This elegant film with its eloquent anti-war message is very accomplished in many ways. Ravishing to look at, by turns bleak and cynical but entertaining, it will find resonances for many in the mood of our own difficult age.

4.5 Stars

Also published at the Canberra Critics Circle

See You Up There is currently screening in Canberra at Dendy and Palace Electric cinemas

 

 

 

 

 

 

 

Stronger Than Fiction Documentary Film Festival

Stronger Than Fiction, dedicated to documentary film art, returns to Canberra in 2018 with a program showcasing quality films from around the world.

The docos, many with awards and nominations, are curated for individual quality rather than alignment with particular theme.

Around half of this year’s films are directed by women, including Christy Garland (What Walaa Wants), Catherine Scott (The Backtrack Boys) and Gabrielle Brady (Island of the Hungry Ghosts).

Stronger Than Fiction, now in its fifth year, screens at Palace Electric Cinema during 2 – 5 August.

For further information follow this link

Back to Burgundy

Review by © Jane Freebury

There’s a familiar face in the background in Back to Burgundy (Ce Qui Nous Lie). An actor often seen in French films, but his name may not be front of mind. It will be from now on, because Jean-Marc Roulot is a winemaker and this delicious new film from Cedric Klapisch was filmed on his estate.

Roulot is cast here as the estate manager. He is not a central character but he has supplied the vineyard location and intimate, vigneron knowledge to help make this blend of family relationships and vigneron documentary such an organic and authentic pleasure.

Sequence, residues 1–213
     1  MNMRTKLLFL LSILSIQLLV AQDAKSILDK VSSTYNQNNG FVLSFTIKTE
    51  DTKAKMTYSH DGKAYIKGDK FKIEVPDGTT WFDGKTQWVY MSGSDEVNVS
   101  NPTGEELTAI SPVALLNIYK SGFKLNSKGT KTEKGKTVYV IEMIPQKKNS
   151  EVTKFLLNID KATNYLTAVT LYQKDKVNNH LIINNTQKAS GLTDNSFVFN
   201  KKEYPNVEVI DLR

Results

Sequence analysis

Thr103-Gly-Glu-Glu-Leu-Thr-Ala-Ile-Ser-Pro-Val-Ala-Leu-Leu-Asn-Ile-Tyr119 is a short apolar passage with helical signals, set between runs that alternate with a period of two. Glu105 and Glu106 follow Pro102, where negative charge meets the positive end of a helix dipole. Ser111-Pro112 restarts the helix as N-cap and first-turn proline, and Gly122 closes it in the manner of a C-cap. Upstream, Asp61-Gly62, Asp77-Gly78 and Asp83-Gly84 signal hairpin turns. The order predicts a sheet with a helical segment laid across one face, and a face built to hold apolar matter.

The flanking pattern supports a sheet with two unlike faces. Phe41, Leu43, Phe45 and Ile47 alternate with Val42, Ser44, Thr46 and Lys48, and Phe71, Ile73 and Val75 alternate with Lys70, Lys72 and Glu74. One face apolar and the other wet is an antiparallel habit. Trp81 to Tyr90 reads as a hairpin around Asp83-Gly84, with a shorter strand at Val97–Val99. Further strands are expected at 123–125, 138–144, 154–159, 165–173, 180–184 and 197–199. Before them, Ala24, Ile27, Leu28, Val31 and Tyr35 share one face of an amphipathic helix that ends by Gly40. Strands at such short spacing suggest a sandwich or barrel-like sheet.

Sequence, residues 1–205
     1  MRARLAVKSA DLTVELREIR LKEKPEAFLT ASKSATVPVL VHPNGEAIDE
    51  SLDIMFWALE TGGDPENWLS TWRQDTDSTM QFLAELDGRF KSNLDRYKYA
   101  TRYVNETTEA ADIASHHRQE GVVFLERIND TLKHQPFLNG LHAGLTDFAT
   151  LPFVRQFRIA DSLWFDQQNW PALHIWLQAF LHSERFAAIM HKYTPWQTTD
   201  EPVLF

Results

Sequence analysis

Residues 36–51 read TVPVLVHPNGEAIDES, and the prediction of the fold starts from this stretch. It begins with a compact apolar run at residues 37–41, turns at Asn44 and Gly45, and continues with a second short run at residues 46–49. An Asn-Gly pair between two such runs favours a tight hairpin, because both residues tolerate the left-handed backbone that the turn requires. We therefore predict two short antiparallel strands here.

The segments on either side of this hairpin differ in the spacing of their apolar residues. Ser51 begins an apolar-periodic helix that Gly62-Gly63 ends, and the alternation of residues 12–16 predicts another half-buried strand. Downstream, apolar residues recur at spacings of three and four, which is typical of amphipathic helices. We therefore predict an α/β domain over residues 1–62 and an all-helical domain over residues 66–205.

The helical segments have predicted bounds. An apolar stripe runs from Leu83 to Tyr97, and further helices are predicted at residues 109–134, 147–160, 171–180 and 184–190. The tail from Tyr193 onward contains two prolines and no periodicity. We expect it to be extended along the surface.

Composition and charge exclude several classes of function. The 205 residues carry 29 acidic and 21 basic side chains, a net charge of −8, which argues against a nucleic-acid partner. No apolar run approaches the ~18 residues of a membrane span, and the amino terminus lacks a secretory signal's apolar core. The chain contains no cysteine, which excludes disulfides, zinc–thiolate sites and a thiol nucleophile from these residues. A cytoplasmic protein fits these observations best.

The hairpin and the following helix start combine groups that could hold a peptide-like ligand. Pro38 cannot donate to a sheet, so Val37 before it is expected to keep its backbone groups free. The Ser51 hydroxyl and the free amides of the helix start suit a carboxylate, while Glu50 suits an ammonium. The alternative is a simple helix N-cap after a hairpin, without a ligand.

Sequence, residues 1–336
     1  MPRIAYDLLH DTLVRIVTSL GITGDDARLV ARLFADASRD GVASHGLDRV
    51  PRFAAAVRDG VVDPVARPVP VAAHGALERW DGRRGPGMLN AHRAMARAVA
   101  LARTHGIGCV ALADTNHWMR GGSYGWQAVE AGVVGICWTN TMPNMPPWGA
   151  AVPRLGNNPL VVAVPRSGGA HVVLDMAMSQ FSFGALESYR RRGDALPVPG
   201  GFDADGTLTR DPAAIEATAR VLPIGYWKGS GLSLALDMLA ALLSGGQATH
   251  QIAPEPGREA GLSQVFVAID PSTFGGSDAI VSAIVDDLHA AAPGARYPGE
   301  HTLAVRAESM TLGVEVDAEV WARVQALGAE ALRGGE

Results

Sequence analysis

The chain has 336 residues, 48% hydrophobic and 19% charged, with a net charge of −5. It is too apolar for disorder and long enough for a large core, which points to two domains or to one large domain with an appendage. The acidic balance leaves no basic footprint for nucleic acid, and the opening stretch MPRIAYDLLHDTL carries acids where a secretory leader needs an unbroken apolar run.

The director and co-writer Klapisch has shown great flair for stories about young adults, characters trying to work out how to live their lives. Romain Duris has featured in his best-known films – The Spanish Apartment, Russian Dolls and Chinese Puzzle – as a young man with one too many options. It’s the youthful dilemma that Klapisch gives such a generous and empathetic treatment.

The gentle hills of Burgundy are a long way from Paris and all that the city offers, but peaceful rural settings can have problems of their own. Here it’s the transferral of vigneron tradition on a family estate to three adult siblings.

Their father has just passed away. On a practical level, when is it best to harvest, this Thursday or next week? Where is the best spot to start? Stems on or stems off in the vat? And, who is in charge here anyway?